May 1, 2008 | American Society of Registered Nurses®
Nursing Today

Current Nursing Trends

One of the great things about nursing is its diversity.  There is truly something for everyone in this profession.  Once you've been in it awhile you also begin to know that there is also something for every stage of a single nurse's career as well.  In nursing, you can literally take yourself anywhere you want to go.

The biggest problem is that we still need more nurses than we have.  Where do we get these nurses?  How do we bring in enough help to get healthcare back up to the quality nursing standards we want to uphold?  It is a question every nursing school and nursing employer would like an answer to.  Unfortunately, the projections tell us we may never be able to keep up.

But, there is another side of nursing that we can affect.  Over the past few years, we have been seeing another influx of new specializations, career paths and degree programs to meet the needs of a changing world.  We have choices and opportunities to work in the area that brings us the most joy and satisfaction.  We also have the opportunity to go where we are most needed.  What are the current trends in patient population and new knowledge?  Where are you in highest demand?

Travel nursing, especially for the experienced nurse, remains one of the hottest employment areas for those who are willing.  Choosing travel means also choosing diversity, change and new challenges as well as excellent pay and in most cases even better benefits.  The most common locations for travel nursing are Arizona, California, Florida and Texas.  For those who have an adventurous spirit free travel, free housing and many other perks make travel nursing an attractive option.

If you're firmly planted in one area there are still multiple options.  For those with big hearts, end-of-life nurses are greatly valued for helping our aging population die with dignity.  Specialized infusion nurses successfully utilize medical advances such as implants and inserts for venous access needed for chemotherapy and long-term medication delivery.  You'll also find many opportunities for the neonate, operating room, critical care, or hemodialysis nurse.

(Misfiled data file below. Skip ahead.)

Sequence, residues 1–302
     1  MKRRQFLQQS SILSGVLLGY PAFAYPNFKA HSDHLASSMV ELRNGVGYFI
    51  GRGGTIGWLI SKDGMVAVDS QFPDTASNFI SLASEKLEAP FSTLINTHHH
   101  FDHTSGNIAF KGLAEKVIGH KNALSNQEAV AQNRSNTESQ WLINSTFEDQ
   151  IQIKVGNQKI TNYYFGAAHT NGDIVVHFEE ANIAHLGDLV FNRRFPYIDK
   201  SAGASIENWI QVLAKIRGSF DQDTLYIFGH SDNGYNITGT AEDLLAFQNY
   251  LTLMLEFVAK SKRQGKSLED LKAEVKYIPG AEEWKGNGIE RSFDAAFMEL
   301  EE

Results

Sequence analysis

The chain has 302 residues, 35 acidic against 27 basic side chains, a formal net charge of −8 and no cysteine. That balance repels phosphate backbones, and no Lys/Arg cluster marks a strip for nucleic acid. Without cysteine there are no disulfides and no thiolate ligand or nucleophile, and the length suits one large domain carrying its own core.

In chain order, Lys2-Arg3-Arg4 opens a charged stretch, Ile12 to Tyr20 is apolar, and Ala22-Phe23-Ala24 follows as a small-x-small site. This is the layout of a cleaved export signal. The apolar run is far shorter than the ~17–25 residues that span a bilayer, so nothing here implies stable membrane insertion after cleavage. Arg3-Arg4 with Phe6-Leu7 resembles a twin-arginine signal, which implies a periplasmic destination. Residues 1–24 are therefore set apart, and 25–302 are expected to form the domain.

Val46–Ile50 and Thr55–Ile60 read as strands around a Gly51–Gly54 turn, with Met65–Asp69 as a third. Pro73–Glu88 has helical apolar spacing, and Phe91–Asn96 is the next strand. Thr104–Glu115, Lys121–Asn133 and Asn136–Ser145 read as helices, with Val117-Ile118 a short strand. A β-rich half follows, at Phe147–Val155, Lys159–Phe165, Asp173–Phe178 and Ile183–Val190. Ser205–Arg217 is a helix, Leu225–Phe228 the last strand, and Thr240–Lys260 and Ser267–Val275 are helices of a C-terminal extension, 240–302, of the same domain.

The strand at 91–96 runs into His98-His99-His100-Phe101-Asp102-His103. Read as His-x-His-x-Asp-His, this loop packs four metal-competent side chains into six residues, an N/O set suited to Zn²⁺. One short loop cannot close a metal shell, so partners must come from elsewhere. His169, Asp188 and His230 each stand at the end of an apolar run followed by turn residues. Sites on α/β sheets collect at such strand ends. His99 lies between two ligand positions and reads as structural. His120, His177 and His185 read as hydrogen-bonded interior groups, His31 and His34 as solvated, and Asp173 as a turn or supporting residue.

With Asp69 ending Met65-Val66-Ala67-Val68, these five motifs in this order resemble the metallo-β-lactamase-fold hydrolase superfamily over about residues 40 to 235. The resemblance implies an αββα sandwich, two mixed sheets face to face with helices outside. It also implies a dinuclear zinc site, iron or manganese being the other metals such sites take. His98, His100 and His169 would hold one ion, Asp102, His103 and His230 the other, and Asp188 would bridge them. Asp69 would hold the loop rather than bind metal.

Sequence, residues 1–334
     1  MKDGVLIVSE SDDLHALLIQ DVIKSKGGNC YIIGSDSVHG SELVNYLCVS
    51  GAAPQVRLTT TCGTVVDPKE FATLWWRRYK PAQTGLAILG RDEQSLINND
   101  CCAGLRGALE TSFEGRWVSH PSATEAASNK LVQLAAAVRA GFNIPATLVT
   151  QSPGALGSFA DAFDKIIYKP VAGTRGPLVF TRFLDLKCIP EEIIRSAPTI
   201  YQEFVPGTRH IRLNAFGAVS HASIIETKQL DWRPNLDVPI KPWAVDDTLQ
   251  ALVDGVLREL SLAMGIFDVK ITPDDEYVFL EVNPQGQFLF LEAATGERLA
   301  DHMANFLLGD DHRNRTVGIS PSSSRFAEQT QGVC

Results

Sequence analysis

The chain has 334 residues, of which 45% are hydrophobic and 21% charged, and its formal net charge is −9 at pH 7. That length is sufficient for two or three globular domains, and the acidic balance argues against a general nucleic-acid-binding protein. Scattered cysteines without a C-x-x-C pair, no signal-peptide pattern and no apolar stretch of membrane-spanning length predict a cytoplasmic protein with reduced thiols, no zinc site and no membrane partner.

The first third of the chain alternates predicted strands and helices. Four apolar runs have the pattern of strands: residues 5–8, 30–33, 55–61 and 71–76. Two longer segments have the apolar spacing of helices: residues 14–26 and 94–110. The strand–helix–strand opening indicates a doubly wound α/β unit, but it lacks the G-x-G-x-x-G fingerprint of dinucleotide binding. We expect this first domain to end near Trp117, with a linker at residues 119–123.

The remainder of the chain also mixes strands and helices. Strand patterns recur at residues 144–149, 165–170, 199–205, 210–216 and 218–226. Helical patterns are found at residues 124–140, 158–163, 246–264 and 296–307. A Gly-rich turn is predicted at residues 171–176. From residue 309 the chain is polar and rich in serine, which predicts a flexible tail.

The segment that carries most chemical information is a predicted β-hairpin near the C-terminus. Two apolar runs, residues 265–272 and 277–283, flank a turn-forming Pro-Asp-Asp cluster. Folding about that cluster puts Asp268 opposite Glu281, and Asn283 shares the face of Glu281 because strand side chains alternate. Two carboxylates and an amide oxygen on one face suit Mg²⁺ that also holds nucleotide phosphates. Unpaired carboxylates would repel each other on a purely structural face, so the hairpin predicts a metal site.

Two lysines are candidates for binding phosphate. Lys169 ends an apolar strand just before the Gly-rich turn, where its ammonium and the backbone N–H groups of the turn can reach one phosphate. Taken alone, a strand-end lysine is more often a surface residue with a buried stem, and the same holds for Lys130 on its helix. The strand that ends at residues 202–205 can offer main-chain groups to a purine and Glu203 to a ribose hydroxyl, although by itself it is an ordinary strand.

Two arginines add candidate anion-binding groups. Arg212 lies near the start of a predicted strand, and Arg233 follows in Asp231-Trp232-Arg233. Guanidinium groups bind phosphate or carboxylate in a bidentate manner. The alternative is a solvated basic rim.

Not your thing?  How about the newer field of nursing informatics?  We need a specialized set of nurses who can take their practical clinical skills and weave them into the world of information technology.  Nursing informatics are employed by corporations, teaching facilities, and hospitals for research, sales, technical training and even as systems analysts.  Informatics is appealing to the highly organized nurse who can assimilate new information quickly and effectively.  It also offers an attractive option for those who no longer want the physical demands of direct patient care.  Another tract for those leaving direct care is the role of legal nurse consultant.

For any nurse it will always be important to build on your previous education.  If you're looking toward an advanced degree, consider Acute Care Nurse Practitioner (ACNP).  These nurses provide care to the critical patient, often in the ICU or specialty critical care units.  Other areas of focus for the ACNP are psychiatry, anesthetics, or genetics.

The genetic nurse acts as a moderator between the critical genetic scientist who map human genomes to identify genetic connections for medical conditions and those that can be affected by this information.  As patient advocates, the genetic nurse takes the scientific conclusions and interprets them for individuals and families trying to make informed decisions about their care.

The general rule of thumb for your nursing career is: if you want to open doors of opportunity, specialize.

References

Nursing Job Markets. Nursing School.com. Accessed April 2008.

Planning Ahead: Thinking about a Career in Nursing.  Yahoo! Education. Accessed April 2008.

Sterzenbach, B. Emerging Trends In Nursing Jobs. My Online Nursing Degree. Accessed April 2008.

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